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We were discussing this article at work, particularly the quote:

“Finally, we can understand why a cup of coffee equilibrates in a room,” said Tony Short, a quantum physicist at Bristol. “Entanglement builds up between the state of the coffee cup and the state of the room.” The tendency of coffee — and everything else — to reach equilibrium is “very intuitive,” said Nicolas Brunner, a quantum physicist at the University of Geneva. “But when it comes to explaining why it happens, this is the first time it has been derived on firm grounds by considering a microscopic theory.”

And there was an inconsistency between our understandings that led to the question, "Can two independent particles become entangled, or can they only be entangled at the time of their creation?" The article certainly assumes the first. Is that the current understanding of entanglement?

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  • $\begingroup$ In an interacting theory two free particles can become "entangled": starting from a factorized state you will get, at finite times, a state that is no more factorized i.e. entangled. $\endgroup$
    – yuggib
    Sep 24, 2014 at 14:48
  • $\begingroup$ So is the phrase "an interacting theory" descriptive of all schools of thought on quantum physics, or are there non-interacting variations? $\endgroup$ Sep 24, 2014 at 14:54
  • $\begingroup$ For interacting theory I mean a dynamics which is dictated by a self-adjoint Hamiltonian whose interaction part mixes between the particles. E.g. a potential $V(x_1,x_2)=V(x_1-x_2)$ where $x_1$ and $x_2$ are the coordinates of the two particles. $\endgroup$
    – yuggib
    Sep 24, 2014 at 15:51

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Any two particles become entangled after an interaction. Entanglement is truly everywhere and occurs constantly.

The reaching of equilibrium of the temperature of a coffee cup and the room has not a lot to do with entanglement and more with the irreversibility of the motion of many particles (entropy).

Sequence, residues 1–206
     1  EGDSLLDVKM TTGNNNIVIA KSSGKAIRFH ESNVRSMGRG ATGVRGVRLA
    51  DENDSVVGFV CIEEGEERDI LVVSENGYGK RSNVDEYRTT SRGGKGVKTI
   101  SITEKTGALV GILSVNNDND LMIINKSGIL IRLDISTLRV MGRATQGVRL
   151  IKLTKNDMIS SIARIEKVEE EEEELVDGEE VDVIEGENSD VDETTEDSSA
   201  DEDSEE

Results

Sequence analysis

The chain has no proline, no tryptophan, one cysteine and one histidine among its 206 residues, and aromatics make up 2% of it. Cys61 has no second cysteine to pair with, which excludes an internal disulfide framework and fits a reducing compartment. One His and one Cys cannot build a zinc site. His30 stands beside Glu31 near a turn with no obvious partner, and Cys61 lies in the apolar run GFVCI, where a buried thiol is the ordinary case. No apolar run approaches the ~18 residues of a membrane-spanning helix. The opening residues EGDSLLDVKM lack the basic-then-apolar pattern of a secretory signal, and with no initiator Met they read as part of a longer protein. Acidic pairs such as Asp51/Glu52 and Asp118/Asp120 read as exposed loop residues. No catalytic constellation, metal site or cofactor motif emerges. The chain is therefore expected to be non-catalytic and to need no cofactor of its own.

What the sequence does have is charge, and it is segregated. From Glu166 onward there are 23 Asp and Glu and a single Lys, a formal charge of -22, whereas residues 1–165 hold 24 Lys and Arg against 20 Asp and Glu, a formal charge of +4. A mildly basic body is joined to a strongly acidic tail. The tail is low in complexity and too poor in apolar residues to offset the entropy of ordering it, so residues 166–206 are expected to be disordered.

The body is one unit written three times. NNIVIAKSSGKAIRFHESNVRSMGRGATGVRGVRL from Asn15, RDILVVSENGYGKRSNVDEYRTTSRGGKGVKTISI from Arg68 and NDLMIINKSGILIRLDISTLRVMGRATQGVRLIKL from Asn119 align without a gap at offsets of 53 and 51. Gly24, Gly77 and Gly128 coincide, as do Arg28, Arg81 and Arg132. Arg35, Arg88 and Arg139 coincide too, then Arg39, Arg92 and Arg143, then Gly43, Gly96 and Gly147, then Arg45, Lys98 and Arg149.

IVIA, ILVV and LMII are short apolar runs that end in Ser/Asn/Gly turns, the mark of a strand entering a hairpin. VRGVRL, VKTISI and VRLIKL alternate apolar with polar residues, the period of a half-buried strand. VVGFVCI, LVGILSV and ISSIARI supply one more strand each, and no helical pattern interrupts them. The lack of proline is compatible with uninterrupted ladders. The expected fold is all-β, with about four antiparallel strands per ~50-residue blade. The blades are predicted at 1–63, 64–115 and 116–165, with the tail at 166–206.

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  • $\begingroup$ Note, though, that the irreversible motion of the particles does in general generate entanglement between the particles through their interactions. This is why people are researching entanglement, or quantum correlations, as a way to explain the arrow of time. However, the research is still in its infancy. $\endgroup$
    – Jasper
    Sep 24, 2014 at 15:40
  • $\begingroup$ Occasionally I'll read of entangled particles being generated in a supercollider. So, is it correct then to understand that they're not generating new particles in an entangled state, but rather taking two particles and entangling them? $\endgroup$ Sep 24, 2014 at 19:22
  • $\begingroup$ I would require a bit more information to know the actual statement, but I think they mean the latter. Namely that after the collisions some particles are entangled with others, which definitely occurs. I would not see the point of generating specific entangled particles before you collide them. $\endgroup$
    – Jasper
    Sep 25, 2014 at 10:37
  • $\begingroup$ Okay, that explains it. Thank you. The only point would be if particles wouldn't entangle later, but they do. The wording of those articles is ambiguous. $\endgroup$ Sep 25, 2014 at 13:51
  • $\begingroup$ Truthfulness of the claim depends on how do we understand “entanglement” and “interaction”. If we speak about state vectors (wave functions), and “interaction” is any Hamiltonian that isn’t $H_1\otimes I + I\otimes H_2$, then no, entanglement is not a necessary consequence of an interaction. See also my comment at physics.stackexchange.com/a/61756/56960 $\endgroup$ Oct 19, 2014 at 12:08

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